As part of the settlement of a class action lawsuit started by a few Tesla owners, the automaker has agreed to partially reimburse people who bought cars with Enhanced Autopilot over the long delays to roll out the features promised by the package.
If the settlement is approved by the court, Tesla will pay between $20 and $280 to all U.S. Tesla owners who bought or leased cars with Enhanced Autopilot between October 2016 and September 2017.
Electrek has obtained the settlement agreement that was sent to class representatives, who will now submit their thoughts on the agreement to the court, which will decide whether or not to approve the proposal.
The lawsuit itself emerged due to some Tesla owners growing frustrated at the automaker missing deadlines for the rollout of Autopilot 2.0 features.
In October 2016, Tesla introduced a new Autopilot hardware suite, dubbed Autopilot 2.0, and promised that it would enable a series of new features to be released to owners via over-the-air software updates – eventually leading up to “fully self-driving capability”.
The cars equipped with this hardware suite were available with two packages: a $5,000 “Enhanced Autopilot” package, which promised more advanced features building on the first generation Autopilot’s features, and a $3,000 “Fully Self-Driving” package, which was sold on top of the “Enhanced Autopilot” package.
The suite was also supposed to enable several active safety features, which are standard regardless of if any Autopilot packages are added to the vehicle.
After bringing the new hardware to production, Tesla’s goal was first to release software upgrades to reach feature parity with the first generation Autopilot by December 2016 – just a few months after releasing the hardware – and to continue releasing new software updates to eventually lead to fully self-driving capability.
The timeline turned out to be completely unrealistic as Tesla had a way harder time developing its own ‘Tesla Vision’ technology to replace the Mobileye technology powering the first generation Autopilot.
The safety features were first to come, but they were several months late.
It was later revealed that Tesla planned to first use Mobileye’s technology for the second generation Autopilot and gradually phase it out in favor of its own, but they couldn’t come to an agreement and the two companies had a hard fallout.
On top of the split with Mobileye, Tesla had several changes in the Autopilot leadership team. which also likely contributed to further delays in the rollout of new software updates.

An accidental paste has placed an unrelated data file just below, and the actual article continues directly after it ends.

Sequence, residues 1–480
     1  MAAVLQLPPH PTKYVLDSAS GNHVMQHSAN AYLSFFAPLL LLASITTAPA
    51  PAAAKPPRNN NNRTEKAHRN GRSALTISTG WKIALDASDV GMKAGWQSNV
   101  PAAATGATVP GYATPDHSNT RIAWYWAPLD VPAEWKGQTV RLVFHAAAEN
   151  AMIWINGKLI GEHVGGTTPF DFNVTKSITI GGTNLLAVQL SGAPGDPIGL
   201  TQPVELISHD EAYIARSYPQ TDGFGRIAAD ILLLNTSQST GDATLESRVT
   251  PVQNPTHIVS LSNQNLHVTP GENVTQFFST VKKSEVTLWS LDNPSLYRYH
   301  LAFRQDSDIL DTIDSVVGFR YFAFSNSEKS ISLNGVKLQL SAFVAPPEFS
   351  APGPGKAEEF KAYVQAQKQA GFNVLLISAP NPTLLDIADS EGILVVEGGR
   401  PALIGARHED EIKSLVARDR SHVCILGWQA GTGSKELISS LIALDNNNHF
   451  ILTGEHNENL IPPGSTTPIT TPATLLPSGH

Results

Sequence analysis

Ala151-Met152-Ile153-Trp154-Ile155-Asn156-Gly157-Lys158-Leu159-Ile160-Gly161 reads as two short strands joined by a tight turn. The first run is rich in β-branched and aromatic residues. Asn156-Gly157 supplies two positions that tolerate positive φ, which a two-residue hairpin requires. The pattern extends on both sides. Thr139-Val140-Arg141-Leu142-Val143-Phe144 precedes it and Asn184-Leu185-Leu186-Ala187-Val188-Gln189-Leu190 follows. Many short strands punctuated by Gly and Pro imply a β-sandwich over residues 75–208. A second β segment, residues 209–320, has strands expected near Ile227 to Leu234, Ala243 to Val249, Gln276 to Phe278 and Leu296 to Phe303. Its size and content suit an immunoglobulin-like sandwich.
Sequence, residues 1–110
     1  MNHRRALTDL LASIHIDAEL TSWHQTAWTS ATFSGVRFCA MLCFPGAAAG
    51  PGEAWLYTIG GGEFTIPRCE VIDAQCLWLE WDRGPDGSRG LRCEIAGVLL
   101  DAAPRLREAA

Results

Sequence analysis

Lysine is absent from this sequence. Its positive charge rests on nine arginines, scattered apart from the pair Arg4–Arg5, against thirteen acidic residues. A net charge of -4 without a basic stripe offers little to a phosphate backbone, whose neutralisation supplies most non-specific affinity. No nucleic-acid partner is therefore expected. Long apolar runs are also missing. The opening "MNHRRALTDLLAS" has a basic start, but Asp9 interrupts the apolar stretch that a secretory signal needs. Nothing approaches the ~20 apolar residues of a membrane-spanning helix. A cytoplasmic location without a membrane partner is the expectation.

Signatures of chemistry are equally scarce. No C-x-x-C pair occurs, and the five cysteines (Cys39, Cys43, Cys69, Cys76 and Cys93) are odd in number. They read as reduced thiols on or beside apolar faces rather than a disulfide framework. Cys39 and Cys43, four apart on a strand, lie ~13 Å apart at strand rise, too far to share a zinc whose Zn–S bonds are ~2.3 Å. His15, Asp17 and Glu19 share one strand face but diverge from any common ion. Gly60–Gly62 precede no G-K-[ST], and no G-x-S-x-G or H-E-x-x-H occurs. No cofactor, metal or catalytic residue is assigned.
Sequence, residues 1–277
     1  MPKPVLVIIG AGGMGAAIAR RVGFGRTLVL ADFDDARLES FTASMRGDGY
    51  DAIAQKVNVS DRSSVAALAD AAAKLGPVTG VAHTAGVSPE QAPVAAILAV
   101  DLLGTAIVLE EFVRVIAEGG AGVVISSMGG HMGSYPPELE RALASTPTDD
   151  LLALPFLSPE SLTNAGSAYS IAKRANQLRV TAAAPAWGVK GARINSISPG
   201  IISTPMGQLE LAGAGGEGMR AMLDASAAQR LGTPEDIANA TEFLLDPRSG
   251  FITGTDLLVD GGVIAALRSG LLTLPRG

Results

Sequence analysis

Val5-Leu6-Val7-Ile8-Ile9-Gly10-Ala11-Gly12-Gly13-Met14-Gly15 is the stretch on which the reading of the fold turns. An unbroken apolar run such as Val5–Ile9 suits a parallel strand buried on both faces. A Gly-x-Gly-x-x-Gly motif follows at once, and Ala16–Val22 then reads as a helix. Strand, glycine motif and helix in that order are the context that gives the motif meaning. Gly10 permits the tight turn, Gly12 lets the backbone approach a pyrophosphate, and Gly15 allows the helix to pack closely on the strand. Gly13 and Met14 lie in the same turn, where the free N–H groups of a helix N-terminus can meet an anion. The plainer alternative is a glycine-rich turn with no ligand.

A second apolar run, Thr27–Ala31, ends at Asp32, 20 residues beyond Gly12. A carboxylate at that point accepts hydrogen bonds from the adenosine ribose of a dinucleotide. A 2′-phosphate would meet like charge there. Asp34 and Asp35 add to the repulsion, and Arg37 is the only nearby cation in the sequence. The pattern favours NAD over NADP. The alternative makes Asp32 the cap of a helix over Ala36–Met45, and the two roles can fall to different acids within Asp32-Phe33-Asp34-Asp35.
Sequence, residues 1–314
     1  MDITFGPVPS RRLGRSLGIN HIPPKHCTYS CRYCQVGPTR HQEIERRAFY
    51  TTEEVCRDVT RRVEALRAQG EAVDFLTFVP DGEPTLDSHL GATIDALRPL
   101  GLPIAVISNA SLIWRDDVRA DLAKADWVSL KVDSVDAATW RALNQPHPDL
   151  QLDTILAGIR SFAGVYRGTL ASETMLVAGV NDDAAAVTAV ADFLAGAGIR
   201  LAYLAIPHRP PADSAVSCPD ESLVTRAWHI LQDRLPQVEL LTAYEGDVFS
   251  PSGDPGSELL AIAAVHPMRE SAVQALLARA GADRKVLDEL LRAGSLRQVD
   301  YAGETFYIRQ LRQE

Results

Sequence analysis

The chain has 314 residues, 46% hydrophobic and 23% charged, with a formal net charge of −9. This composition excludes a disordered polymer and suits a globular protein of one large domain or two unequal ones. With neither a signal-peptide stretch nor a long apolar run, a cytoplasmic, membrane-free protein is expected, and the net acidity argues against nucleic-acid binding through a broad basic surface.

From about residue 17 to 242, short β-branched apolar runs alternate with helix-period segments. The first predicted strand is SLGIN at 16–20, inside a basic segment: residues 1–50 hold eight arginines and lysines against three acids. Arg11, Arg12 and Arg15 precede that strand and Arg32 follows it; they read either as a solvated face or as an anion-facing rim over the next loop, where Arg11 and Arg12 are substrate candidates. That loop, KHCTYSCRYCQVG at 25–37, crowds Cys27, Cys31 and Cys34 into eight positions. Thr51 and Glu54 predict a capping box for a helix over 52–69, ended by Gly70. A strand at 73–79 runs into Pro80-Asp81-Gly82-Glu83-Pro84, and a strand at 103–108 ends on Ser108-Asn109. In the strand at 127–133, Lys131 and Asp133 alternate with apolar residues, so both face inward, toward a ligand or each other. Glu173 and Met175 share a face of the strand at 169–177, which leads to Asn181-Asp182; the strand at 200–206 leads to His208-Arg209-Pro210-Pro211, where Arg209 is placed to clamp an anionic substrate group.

It was only with an update released last month that owners have come to a general consensus that the Autopilot 2.0 is now better than the first generation, but it still doesn’t have many of the features first promised in the ‘Enhanced Autopilot’ package, like On-ramp to Off-ramp and Smart Summon.
That’s why several owners started a class action lawsuit on behalf of all Tesla owners with Autopilot 2.0 in 2017.
The frustration from the delays boiled into allegations that Tesla knew that it couldn’t deliver the features on the announced timeline and therefore, they “defrauded” customers:
Tesla’s deception has resulted in economic injury to owners of its 2016-2017 models that were sold with the “HW 2.x”2 hardware purportedly required for Enhanced Auto Pilot and Full- Self Driving Capability (the “Affected Vehicles”). By selling vehicles with inoperative Standard Safety Features and inoperative Enhanced Autopilot and Full-Self Driving features, Tesla defrauded its customers and engaged in unfair competition. Customers did not receive the benefit of their bargain—they paid many thousands of dollars for products they did not receive. Further, consumers such as Plaintiffs would never have bought their Tesla vehicles at all, or would have paid thousands less for them, but for the promised Standard Safety Features the vehicles were supposed to come with, and Enhanced Autopilot and Full-Self Driving capabilities consumers could supposedly activate in short order by purchasing Tesla’s expensive software options.
They never provided any evidence of fraud and Tesla has always denied that it purposely misled buyers and instead said that it was overoptimistic about the transition to its own computer vision technology, which delayed the timeline.
The plaintiffs in the class action lawsuit were asking for several different relief actions, including Tesla buying back the Autopilot 2.0 cars, the return of the premiums paid for both the Enhanced Autopilot and Full Self-Driving Capability packages, and an unspecified amount as punitive damage.
In order to resolve the matter, the two parties engaged in a mediation with mediator Randall Wulff and it resulted in an agreement, according to the settlement that Electrek obtained.
The automaker denied any intention to defraud buyers or to settle on those claims, but it agreed to compensate buyers for the delays in order to resolve the matter.
Tesla agreed to place $5,032,530 in a settlement fund to partially reimburse “U.S. residents who purchased Enhanced Autopilot in connection with their purchase or lease of a Tesla Hardware 2 Model S or Model X vehicle delivered to them on or before September 30, 2017.” The fund will also be used to pay the attorneys’ fees and the class representative fees.
The agreement still needs to be approved by the court, but if it is approved as is, the payments will be issued based on when the owners bought or leased their vehicles:
As part of the agreement, Tesla also “reaffirms its commitment to release any Enhanced Autopilot features that as of the Effective Date are not already released in Tesla Hardware 2 Vehicles.”
Again, that would be the On-ramp to Off-ramp and Smart Summon features.